To 200 ml of substrate solution prepared by dissolving lactose into 20 mM acetate buffer (pH 6.0) to give a final concentration of 1.1% (w/v), 130 units/g-solid substrate of the purified recombinant cellobiose 2-epimerase preparation (20 ml of the enzyme solution) obtained by the method in Experiment 4-4 was added, and followed the enzyme reaction at 50° C. for 8 hours. After the completion of the reaction, the reaction mixture was heated at 100° C. for 10 minutes to stop the reaction. In order to determine the saccharides in the reaction mixture, TLC analysis under the conditions described in Experiment 1-2 and the following HPLC analysis were carried out.

<Conditions for HPLC Analysis>

Column: “MCI gel CK08EP”, produced by Mitsubishi Chemical Corporation, Tokyo, Japan

Eluent: Deionized water

Column temperature: 75° C.

Flow rate: 0.6 ml/min

Detector: “RID-10A”, a refractive index detector produced by Shimadzu Corporation, Kyoto, Japan

In the TLC chromatogram of the reaction mixture, two kinds of isomerized saccharide were detected together with unreacted lactose.

An isomerized saccharide, showing the same Rf value with that of epilactose, was named as “Isomerized saccharide A”, and another isomerized saccharide, showing lower Rf value and being hardly separated from lactose, was named as “Isomerized saccharide B”. Since the spot of Isomerized saccharide B was visualized by diphenylamine-aniline-phosphate reagent on the TLC plate, it was suggested that the saccharide contains ketose in the structure. The HPLC chromatogram of the reaction mixture is shown in FIG. 6. In the HPLC, Isomerized saccharides A and B were separated from lactose (represented by the symbol, “Lac”, in FIG. 6), but not separated each other and detected as a mixture (represented by the symbol, “A+B”, in FIG. 6). The saccharide composition of the reaction mixture was 52.7% (w/w) of lactose and 47.3% (w/w) of the mixture of Isomerized saccharides A and B.

Experiment 7-2

Isolation and Purification of Isomerized Saccharides A and B

As described above, Isomerized saccharides A and B can be separated each other by TLC but Isomerized saccharide B can not be separated from lactose, while Isomerized saccharides A and B can be separated from lactose by HPLC but Isomerized saccharides A and B can not be separated each other. Based on the knowledge, the inventors of the present invention tried firstly to obtain the mixture of Isomerized saccharides A and B by removing lactose using HPLC, and successively, tried to isolate Isomerized saccharides A and B, respectively, by a preparative TLC.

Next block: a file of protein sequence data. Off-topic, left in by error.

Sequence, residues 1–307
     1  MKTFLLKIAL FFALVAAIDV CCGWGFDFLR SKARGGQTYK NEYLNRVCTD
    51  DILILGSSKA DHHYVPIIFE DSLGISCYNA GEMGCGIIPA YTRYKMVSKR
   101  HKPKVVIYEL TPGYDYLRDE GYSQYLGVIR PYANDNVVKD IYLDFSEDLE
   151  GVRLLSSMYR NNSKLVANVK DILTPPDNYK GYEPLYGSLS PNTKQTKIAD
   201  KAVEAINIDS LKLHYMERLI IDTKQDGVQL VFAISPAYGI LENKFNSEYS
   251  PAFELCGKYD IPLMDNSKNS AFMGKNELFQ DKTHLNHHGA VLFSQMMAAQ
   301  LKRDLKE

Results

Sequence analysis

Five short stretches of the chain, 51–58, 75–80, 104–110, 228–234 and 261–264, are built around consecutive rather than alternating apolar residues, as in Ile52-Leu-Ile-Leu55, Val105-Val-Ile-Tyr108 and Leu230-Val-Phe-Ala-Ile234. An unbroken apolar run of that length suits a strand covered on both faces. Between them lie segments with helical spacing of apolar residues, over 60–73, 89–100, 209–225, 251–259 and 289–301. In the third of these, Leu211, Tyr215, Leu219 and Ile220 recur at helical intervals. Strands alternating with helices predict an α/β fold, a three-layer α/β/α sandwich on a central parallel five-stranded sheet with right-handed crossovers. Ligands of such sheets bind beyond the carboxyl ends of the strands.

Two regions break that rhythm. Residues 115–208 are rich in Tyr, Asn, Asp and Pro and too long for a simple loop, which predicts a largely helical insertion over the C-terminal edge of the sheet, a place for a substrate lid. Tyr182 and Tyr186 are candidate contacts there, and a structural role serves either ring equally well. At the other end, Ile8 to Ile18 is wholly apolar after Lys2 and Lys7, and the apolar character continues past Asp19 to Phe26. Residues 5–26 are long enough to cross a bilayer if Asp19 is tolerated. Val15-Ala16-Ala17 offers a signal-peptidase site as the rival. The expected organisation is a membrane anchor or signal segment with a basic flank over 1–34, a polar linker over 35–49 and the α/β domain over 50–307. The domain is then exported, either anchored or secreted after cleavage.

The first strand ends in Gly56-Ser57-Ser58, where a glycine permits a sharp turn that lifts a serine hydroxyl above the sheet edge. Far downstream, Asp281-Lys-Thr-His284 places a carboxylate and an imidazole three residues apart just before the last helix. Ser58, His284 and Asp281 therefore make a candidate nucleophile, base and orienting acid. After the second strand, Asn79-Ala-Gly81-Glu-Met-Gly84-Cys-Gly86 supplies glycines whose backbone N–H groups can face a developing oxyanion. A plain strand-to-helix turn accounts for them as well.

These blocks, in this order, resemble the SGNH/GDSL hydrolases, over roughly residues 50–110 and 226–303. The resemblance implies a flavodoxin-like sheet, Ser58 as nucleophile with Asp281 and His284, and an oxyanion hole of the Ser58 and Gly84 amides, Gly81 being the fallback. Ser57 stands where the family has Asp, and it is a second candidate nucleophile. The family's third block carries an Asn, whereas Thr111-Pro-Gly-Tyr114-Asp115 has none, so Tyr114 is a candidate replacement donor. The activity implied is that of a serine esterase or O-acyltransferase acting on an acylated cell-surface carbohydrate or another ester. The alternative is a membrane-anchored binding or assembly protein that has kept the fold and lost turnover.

Experiment 7-2-1

Preparation of a Mixture of Isomerized Saccharides a and B by Preparative HPLC

Total 330 mg-solid of the reaction mixture obtained in Experiment 7-1 was divided to 80 parts and each part was subjected to HPLC described in Experiment 7-1 to obtain the mixture of Isomerized saccharides A and B. Each fraction containing Isomerized saccharide A or B was concentrated and dried, and finally 153 mg of a saccharide preparation which contains 98.7% (w/w) of the mixture and 1.3% (w/w) of monosaccharides was obtained.

Experiment 7-2-2

Isolation of Isomerized Saccharides A and B by Preparative TLC

Total 57.6 mg-solid of the saccharide preparation containing Isomerized saccharides A and B, obtained in Experiment 7-2-1, was subjected to TLC described in Experiment 1-2 and developed two times.

Then, silica gel layers corresponding the Rf values of Isomerized saccharides A and B were separately scraped away from the TLC plate.

According to the conventional method, Isomerized saccharides A and B were respectively extracted from the collected silica gel layer using deionized water, concentrated and dried, and 21.9 mg-solid of Isomerized saccharide A and 17.8 mg-solid of Isomerized saccharide B were obtained.

A part of each preparation was subjected to GC analysis described in Experiment 1-2 to measure the purity. The purity of Isomerized saccharide A was 90.2% (w/w), and the preparation contained 9.8% (w/w) of monosaccharides. The purity of Isomerized saccharide B was 97.7% (w/w), and the preparation contained 2.3% (w/w) of monosaccharides.

Experiment 7-3

Structural Analyses of Isomarized Saccharides A and B

In Experiment 6, it was revealed that the enzyme of the present invention catalyzes both 2-epimerization and aldose-ketose conversion. Based on the result, it was estimated that Isomerized saccharide A is epilactose which is an epimer of the substrate, lactose, and Isomerized saccharide B is lactulose which is formed from lactose by isomerizing reducing end glucose in lactose into fructose. In the following experiment, the structures of Isomerized saccharides A and B, and commercially available standards of epilactose and lactulose were investigated by nuclear magnetic resonance (NMR) analyses.

The preparations of Isomerized saccharides A and B, obtained in Experiment 7-2, were subjected to 1H-NMR analyses conducted by the following conditions. Commercially available standards of epilactose and lactulose were also subjected to the analyses. 1H-NMR spectra of Isomerized saccharides A and epilactose standard are in FIGS. 7 and 8, respectively. Also, 1H-NMR spectra of Isomerized saccharides B and lactuose standard are in FIGS. 9 and 10, respectively.

<Conditions for 1H-NMR Analysis>

NMR apparatus: “Model JNM-AL300”, produced by JOEL Ltd., Tokyo, Japan

Solvent: D2O

Amount of sample: 20 mg

Magnetic field strength: 300.4 MHz

Integration count: 16

As is evident from FIGS. 7 and 8, 1H-NMR spectrum of Isomerized saccharide A was completely identical with that of epilactose standard.

As is evident from FIGS. 9 and 10, 1H-NMR spectrum of Isomerized saccharide B was completely identical with that of lactulose standard. From the results, it was confirmed that Isomerized saccharides A and B, formed from lactose, are epilactose and lactulose, respectively.

Experiment 8

Isomarized Saccharides Formed from Cellobiose